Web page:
Once the U.S. currency arrives in Mexico, a variety of alternatives for laundering are available. The U.S. currency transported to Mexico is generally in small denomination bills, such as tens and twenties. Money Service Businesses (MSBs) which include wire remittance services, cashier check companies, and casas de cambio (money exchange house) systems are readily available for the transfer and exchange of dollars, in these small denominations, to pesos. The MSBs function as a parallel banking system in Mexico, which in addition to ability to exchange currency, have the capability of transferring funds into any banking system worldwide. They provide currency conversion, exchanges and money movement services for a fee. Legitimate businesses as well as drug trafficking organizations seek the services provided by the MSBs. For example, Mexican immigrants have traditionally used wire remittance services to send American earned dollars back to Mexico to support their families.
In order to effectively respond to the threat of money laundering, the DEA is actively involved in a host of joint initiatives with all of the organizations represented by panel members here today. These initiatives are designed to target the money laundering capabilities of major trafficking organizations operating in the United States. Our operations have resulted in the arrests of 373 individuals and over $72.7 million in currency and assets, 9,399 kilos of cocaine, 30 kilos of heroin and 140 kilos of marijuana. DEA additionally, continues to support a number of interdiction programs that target the bulk shipment of illicit funds across our nation’s highways.
The U.S. National Money Laundering Strategy (NMLS), issued by the Department of Treasury and Justice in September of 1999, and further refined and expanded in February 2000, prescribes a wide range of laundering control measures that affect public and private entities in the U.S. and abroad. DEA actively participates on several of the target specific work groups responsible for developing new enforcement/regulatory strategies and initiatives.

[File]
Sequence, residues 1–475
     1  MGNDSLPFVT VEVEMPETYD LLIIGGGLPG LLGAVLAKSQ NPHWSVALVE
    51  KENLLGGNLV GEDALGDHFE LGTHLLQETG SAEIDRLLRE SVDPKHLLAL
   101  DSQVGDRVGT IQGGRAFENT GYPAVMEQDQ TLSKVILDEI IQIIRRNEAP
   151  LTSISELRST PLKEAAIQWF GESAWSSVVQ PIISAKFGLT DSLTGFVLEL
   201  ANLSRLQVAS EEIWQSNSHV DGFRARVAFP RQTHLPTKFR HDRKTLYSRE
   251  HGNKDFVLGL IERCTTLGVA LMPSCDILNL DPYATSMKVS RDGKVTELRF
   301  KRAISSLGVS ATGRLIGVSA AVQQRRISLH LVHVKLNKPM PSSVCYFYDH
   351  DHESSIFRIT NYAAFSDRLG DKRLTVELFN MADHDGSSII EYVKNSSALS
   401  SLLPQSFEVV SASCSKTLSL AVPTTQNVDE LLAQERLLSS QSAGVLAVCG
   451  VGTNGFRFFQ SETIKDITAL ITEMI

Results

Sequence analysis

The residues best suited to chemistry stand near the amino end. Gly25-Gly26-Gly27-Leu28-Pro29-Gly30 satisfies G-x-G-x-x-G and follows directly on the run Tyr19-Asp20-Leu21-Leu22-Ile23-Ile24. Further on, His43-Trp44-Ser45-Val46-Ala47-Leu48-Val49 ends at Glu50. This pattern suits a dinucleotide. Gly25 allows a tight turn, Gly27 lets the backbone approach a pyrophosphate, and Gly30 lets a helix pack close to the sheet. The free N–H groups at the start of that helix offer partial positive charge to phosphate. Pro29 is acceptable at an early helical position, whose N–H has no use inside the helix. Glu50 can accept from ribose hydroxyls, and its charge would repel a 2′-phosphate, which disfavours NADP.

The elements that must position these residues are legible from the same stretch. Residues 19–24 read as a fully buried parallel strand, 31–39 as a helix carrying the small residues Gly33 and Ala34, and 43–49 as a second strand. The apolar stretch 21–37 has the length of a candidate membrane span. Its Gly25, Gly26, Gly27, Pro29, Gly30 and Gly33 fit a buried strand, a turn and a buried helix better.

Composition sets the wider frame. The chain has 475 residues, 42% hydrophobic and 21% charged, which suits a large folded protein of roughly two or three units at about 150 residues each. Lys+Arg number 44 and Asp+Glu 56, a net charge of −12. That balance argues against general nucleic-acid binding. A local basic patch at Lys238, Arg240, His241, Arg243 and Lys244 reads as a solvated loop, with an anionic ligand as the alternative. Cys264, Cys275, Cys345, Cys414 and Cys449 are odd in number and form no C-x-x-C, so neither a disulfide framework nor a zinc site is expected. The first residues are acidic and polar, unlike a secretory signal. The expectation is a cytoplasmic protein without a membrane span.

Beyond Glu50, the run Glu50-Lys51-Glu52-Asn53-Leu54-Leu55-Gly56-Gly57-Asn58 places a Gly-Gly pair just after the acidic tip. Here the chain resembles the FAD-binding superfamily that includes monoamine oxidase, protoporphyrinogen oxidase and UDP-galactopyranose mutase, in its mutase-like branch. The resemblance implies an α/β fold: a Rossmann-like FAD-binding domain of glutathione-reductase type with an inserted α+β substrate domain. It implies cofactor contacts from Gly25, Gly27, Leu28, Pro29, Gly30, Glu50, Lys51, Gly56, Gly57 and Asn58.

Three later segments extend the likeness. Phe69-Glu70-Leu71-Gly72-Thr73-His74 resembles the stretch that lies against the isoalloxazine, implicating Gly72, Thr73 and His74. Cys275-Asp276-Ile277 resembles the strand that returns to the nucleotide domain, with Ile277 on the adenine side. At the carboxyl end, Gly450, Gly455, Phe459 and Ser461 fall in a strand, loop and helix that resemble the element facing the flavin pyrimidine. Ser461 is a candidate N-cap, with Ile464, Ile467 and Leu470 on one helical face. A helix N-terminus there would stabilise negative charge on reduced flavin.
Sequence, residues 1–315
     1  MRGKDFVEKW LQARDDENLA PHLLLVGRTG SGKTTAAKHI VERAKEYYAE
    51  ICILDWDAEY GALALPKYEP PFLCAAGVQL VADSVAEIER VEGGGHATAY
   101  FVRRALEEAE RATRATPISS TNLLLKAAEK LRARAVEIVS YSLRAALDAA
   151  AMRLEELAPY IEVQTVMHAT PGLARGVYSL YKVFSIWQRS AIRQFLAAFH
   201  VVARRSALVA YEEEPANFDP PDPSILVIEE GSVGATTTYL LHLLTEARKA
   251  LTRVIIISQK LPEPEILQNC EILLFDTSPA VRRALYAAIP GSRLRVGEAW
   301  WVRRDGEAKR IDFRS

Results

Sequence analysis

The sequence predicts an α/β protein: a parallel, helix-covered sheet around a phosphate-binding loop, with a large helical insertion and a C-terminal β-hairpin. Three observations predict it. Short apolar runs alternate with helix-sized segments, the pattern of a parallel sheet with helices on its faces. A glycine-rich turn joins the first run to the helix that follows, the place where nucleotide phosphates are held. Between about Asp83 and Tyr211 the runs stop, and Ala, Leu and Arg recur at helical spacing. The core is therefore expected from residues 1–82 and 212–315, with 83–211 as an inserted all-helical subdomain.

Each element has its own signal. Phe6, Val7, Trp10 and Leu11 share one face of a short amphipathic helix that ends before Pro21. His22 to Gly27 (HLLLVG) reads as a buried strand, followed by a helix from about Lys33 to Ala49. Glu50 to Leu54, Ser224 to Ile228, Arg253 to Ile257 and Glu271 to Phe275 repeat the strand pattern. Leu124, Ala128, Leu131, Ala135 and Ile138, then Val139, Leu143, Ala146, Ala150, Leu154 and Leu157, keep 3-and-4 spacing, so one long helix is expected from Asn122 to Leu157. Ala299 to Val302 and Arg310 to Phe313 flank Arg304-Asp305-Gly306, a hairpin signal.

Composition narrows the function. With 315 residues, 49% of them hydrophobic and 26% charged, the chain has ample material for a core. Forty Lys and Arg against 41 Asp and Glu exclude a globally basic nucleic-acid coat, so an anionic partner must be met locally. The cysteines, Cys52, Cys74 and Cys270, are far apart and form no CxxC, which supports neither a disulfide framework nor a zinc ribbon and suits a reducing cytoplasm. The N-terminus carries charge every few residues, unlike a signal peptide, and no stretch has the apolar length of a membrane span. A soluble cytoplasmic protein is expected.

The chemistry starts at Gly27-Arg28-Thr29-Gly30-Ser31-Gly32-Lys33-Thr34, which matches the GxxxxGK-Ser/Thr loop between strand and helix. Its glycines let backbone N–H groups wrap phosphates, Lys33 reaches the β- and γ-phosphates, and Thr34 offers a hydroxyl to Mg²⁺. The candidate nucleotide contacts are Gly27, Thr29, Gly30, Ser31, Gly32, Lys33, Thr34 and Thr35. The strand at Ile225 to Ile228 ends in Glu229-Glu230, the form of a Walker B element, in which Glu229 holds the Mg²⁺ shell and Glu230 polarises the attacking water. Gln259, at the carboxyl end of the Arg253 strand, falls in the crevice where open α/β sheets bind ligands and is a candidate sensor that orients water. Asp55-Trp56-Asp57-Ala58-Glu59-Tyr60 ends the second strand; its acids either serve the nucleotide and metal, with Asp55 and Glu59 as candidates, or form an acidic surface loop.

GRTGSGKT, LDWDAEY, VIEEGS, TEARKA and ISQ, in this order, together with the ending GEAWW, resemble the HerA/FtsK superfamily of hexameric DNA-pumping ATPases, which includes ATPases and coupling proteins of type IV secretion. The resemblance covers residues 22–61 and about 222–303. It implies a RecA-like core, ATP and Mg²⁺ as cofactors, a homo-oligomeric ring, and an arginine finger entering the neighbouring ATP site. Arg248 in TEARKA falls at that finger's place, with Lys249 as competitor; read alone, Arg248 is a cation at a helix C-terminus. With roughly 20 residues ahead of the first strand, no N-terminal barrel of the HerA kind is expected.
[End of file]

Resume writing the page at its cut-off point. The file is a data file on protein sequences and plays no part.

In compliance with the NMLS, the DEA has initiated a cooperative partnership with the regulatory and private sectors of the financial community. This initiative, identified as “Operation Contact,” provides for an open dialogue between the private financial sector and DEA in regards to suspected drug money laundering activity. As a result, the DEA has participated in a variety of forums in order to educate the financial community’s ability to identify and protect their institutions from illicit money laundering activity.
For several decades, Colombian and Mexican drug trafficking organizations have been adaptable, persistent, and savvy in the ways they have met drug market dynamics. The Governments of Colombia and Mexico must be vigilant in their maintenance of relentless law enforcement pressure against major drug trafficking organizations. Unless tough law enforcement measures are in place so that law enforcement may arrest, prosecute and imprison major traffickers, seize and forfeit their assets, and halt money laundering, Colombia and Mexico will continue to suffer from the violence and corruption generated by the drug trafficking operations of international organized crime syndicates.
Cooperation between law enforcement and the banking community is growing. Law enforcement’s approach to the financial industry is less confrontational and many financial institutions have established their own compliance programs. Moreover, these financial institutions are cooperating more in the field of suspicious activity reporting.
DEA remains committed to our primary goal of targeting and arresting the most significant drug traffickers in the world today. We will continue to work with our law enforcement partners to improve our cooperative efforts against international drug trafficking. The ultimate measure of success will come when we dismantle the drug trafficking organizations that bring misery to the nations in which they operate.
Mr. Chairman, thank you for inviting me to appear before the Subcommittee today, I will be happy to answer any questions that you might have at this time.